As it turns out my first Begging Bowl experience in Peckham also happened to be my first al fresco lunch of 2013 which was very nice indeed and one I hope to replicate again during the summer months. On a recent rare warm afternoon my friend and I decided to make the most of the Spring weather and sit outside to eat lunch, imagining we were dining on the streets of Phuket rather than Peckham. Despite the sudden heavy downpour the minute we finished eating our mains it felt great to dine outside in the fresh air and I can imagine that it’s a great spot to eat with friends on a hot summer’s evening.
Commanding a fantastic spot on the corner of Bellenden Road and Choumert Road in the gentrified Bellenden Road area of Peckham, The Begging Bowl is an excellent south London restaurant that serves incredibly tasty authentic Thai food, but not the average Thai food you will have eaten in the UK. The menu is noticeably different for a start, you won’t find the typical lists of red curry, green curry, yellow curry and Pad Thai dishes that are commonplace on most Thai restaurant menus. The lunch and dinner menu changes daily and you will find a carefully planned assortment of dishes set at different price points that are designed to be shared, like tapas style Thai food.
I personally love sharing dishes and it was fun to eat the same dishes as my friend and discuss the tastes and flavours we were experiencing. The recommendation is five dishes between two people, which was spot on for us (but I don’t hold back with food, the more the merrier!). We shared a couple of super fresh, surprisingly spicy salads to start: pomelo salad served with a dressing made from peanuts, chilli and lime as well as a papaya salad with sticky pork. The pork was beautifully tender and soft, just as it should be. We also shared the Stir-fried noodles with tiger prawns and Charcoal grilled pork skewers served with a satay sauce. Both were delicious, wonderful textures and flavours, all perfectly balanced. But the icing on the cake for me was the Steamed whole sea bass with chilli and lime, which was perfectly cooked, not overdone as can often be the case with sea bass, but soft and tasty, beautiful melt-in-the-mouth texture. I think steaming sea bass is the way forward! Jasmine and sticky rice is served with all meals and comes included within the price of the mains which is great and makes the overall cost less expensive (as it is quite normal to pay extra for rice at most Asian restaurants in the UK). Thankfully both my friend and I like Asian food to be cooked with a generous measure of chilli and spices and it was nice to eat Thai food with a real kick, nothing overly sweet (as is usually the case with Thai food in Britain). Dishes are served with a pile of ground dried chilli and lime to squeeze which is a great addition to food cooked in the Thai style. Following our mains we moved inside to the nicely designed relaxed restaurant to finish off our lunch with some beautifully sweet banana roti.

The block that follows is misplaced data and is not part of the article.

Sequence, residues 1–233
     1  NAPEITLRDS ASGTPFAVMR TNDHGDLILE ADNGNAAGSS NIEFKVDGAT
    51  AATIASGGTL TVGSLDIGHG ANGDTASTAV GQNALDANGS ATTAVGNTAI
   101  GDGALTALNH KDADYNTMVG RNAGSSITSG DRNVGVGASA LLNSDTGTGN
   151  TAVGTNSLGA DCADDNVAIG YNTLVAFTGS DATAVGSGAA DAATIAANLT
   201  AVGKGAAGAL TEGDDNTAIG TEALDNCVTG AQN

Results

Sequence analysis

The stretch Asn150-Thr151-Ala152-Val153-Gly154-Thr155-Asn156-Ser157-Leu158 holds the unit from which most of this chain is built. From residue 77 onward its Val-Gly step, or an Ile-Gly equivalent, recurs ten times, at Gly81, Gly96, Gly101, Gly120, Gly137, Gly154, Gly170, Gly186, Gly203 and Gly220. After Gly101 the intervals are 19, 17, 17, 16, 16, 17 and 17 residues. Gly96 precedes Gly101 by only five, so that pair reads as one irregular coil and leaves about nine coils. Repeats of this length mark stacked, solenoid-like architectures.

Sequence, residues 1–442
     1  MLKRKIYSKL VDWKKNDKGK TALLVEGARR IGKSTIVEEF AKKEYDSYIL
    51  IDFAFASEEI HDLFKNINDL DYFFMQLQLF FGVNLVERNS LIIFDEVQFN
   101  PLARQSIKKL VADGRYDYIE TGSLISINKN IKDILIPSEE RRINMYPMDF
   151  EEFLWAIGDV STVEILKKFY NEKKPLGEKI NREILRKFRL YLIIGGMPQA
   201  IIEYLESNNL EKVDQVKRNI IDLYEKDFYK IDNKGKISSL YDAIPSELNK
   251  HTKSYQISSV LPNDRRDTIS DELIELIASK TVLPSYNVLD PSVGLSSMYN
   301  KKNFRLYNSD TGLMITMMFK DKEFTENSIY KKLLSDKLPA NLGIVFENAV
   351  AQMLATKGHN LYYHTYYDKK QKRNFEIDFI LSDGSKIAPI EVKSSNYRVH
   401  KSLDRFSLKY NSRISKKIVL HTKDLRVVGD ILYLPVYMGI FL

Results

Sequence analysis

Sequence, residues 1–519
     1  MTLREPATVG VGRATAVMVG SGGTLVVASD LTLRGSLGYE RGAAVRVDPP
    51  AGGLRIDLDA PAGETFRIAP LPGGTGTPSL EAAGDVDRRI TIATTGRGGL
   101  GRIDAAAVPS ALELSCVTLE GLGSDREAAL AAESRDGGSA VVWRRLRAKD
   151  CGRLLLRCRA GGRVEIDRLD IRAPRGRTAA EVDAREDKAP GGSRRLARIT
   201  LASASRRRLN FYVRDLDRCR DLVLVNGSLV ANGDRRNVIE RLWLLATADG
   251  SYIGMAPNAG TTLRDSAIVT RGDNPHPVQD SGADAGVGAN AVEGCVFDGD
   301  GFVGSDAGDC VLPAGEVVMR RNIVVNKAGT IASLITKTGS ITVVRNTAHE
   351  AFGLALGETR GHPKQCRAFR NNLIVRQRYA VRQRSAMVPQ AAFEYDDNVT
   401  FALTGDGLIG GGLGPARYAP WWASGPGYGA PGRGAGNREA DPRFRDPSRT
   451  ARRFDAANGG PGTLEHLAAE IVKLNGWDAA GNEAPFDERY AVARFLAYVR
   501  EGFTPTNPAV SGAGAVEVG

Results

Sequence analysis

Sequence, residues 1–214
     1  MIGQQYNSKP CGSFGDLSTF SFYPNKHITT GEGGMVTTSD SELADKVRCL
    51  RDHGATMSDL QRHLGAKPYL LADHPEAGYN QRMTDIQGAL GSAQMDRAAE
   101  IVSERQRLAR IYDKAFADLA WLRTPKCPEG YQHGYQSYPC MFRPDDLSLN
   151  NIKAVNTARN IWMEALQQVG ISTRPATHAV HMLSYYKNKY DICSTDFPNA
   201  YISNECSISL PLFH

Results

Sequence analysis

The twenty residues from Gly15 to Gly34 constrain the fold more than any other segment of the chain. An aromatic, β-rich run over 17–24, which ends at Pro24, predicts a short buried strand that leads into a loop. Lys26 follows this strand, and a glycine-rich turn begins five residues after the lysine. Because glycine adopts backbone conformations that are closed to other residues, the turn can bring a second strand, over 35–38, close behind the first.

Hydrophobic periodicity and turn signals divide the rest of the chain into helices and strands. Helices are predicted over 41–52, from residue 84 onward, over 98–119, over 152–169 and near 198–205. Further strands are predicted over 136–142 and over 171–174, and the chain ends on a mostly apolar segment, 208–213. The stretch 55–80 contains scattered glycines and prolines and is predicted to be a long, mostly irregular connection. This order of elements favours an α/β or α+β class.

The name ‘The Begging Bowl’ nods to the fact the menu is inspired by Thai street food. The quality of the food you will eat at The Begging Bowl is excellent, fresh and tasty, a noticeable step up from the very predictable and often bog standard food served at many Thai restaurants in the UK. Service is friendly and the atmosphere is great, it even felt buzzy on a Thursday afternoon in April with tables of people having a sneaky afternoon drink (including us!). Decor wise the restaurant is suitably vibrant to match the food, but not over the top. It has a trendy feel and the side wall of the interior is made up of planks of wood painted in green, orange and white, seemingly inspired by the makeshift restaurants and wooden hut structures of eateries in Thailand.
Jane Alty, who set up The Begging Bowl and manages the kitchen, trained under Australian chef and Thai food expert David Thompson while he was working at his Belgravia restaurant, Nahm. Alty also spent some time working in Bangkok on Thompson’s book ‘Thai Street Food’. It definitely shows that the restaurant is managed by someone who really knows how to make the most of Thai ingredients. It is worth noting that The Begging Bowl is not a cheap restaurant, you will pay around £65 for food and drinks for two people. Prices start at £5.75 for smaller / lighter dishes and rise to £14.50 for the whole steamed sea bass (the most expensive dish on the menu) but in my opinion it is well worth the money. You are paying for freshly prepared high quality food as well as the skills and expertise of the very talented chefs who carefully craft the daily menu to give you an authentic taste of food from Thailand, of which I’ve never tasted better in Britain.